More than 100,000 salmon still on the loose after Cooke escape

Nearly a month after structural damage allowed hundreds of thousands of Atlantic salmon to escape from a Cooke Aquaculture fish farm on Cypress Island in Washington State, officials estimate that more than 100,000 of the salmon remain in the waters surrounding the island, The Bellingham Herald reported earlier this week. 

Although Washington State encouraged fishermen to catch the salmon after the “spill,” telling them that they could take home as many of the non-native species as they could without any need for a license, Lummi Nation officials estimated that only about 43,000 of the potentially 300,000 escaped fish have been caught. 

Cooke Aquaculture has not offered to buy back any of the salmon that the third-party fishermen have caught, leaving the fishermen with tens of thousands of pounds of frozen Atlantic salmon.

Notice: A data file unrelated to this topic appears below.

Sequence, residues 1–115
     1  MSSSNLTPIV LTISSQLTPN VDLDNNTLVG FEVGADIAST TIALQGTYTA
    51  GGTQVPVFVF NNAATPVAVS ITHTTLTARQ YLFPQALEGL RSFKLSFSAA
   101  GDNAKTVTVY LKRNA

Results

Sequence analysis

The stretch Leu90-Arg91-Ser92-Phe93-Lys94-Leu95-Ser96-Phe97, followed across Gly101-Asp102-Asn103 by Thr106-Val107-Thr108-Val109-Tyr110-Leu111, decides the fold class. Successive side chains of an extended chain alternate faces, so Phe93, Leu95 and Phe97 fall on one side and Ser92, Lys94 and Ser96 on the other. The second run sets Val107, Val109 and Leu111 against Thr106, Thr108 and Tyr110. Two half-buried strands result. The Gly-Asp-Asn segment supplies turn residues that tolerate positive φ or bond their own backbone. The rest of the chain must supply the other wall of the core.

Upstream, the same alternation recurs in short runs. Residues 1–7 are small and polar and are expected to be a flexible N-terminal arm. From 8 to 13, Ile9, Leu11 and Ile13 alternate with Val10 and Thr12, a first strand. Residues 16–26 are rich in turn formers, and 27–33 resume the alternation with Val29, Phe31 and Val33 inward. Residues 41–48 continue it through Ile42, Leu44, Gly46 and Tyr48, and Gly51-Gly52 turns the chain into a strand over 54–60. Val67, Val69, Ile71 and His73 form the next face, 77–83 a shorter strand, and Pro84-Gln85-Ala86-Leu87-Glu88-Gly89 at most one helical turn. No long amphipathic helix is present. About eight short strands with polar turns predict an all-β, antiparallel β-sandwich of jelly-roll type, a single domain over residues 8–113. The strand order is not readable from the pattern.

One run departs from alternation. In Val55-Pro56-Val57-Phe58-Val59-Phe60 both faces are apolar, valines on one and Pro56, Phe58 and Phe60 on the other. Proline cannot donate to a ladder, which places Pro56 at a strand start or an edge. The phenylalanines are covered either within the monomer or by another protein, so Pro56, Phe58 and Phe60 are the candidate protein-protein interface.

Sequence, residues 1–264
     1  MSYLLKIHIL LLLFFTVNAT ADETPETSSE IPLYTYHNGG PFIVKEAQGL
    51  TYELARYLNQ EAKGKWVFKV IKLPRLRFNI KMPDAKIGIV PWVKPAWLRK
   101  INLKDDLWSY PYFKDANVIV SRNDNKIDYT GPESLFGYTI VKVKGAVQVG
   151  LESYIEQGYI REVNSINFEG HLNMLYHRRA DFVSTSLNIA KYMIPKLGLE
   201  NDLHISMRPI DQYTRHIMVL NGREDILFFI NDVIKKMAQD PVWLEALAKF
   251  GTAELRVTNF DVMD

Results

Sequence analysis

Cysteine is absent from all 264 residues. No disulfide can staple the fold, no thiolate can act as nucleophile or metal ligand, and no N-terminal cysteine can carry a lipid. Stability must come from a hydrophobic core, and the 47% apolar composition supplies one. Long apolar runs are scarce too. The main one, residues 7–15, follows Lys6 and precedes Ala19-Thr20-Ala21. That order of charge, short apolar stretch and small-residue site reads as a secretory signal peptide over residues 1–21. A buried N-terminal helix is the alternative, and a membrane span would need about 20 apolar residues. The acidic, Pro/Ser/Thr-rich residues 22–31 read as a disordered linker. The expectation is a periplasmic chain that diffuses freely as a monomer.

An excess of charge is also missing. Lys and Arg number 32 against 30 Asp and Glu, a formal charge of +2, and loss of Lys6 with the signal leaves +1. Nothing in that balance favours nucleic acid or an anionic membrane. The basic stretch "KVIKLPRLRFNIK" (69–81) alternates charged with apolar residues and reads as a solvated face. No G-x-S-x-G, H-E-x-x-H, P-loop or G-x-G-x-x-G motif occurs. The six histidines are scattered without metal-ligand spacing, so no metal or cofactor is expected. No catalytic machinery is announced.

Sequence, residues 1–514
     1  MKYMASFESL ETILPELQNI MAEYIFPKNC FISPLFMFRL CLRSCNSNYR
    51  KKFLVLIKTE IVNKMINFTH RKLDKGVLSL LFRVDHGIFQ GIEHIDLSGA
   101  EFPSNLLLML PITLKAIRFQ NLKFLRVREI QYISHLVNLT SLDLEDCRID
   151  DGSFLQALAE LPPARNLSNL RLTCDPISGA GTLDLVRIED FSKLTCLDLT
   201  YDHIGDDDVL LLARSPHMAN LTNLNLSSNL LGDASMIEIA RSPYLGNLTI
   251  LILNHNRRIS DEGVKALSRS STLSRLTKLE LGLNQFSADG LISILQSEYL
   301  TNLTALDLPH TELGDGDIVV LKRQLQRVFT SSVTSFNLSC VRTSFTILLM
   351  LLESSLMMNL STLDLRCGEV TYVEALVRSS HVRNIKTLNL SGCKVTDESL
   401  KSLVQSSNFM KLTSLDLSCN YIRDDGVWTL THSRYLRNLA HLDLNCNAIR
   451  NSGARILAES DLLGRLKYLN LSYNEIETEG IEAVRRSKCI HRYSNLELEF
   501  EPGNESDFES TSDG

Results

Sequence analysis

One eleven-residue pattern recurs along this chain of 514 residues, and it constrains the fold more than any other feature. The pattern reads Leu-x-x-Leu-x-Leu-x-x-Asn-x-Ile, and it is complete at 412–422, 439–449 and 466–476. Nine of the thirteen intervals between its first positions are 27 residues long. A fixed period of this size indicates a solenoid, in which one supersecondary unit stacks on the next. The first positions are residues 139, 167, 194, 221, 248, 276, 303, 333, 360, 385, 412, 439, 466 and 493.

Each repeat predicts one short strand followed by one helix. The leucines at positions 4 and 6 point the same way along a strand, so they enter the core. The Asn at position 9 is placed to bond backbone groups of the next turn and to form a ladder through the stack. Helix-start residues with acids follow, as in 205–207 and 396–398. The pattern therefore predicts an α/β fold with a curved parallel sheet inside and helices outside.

Immediately after the spill, some marine biologists said they did not believe that the salmon would last long outside of captivity, and it is not clear whether the majority of the 100,000 remaining fish are alive or dead. 

In a press release, Lummi Nation Chairman Timothy Ballew II said, “Washington state law considers this invasive species a pollutant, and our hard-working fishermen have carried the burden of the cleanup efforts. They continue to do all they can.”

Experts believe that the farmed fish pose a risk to native species because they may spread disease and feed on the same food sources. However, others believe that they are more likely to be eaten than prey on native species such as sockeye and king salmon.

Cooke Aquaculture released a statement last weekend saying that the company was “deeply sorry about this event.”

While the event is being probed, The Washington State Department of Fish and Wildlife is not granting any permits on new Atlantic salmon nets or pens.


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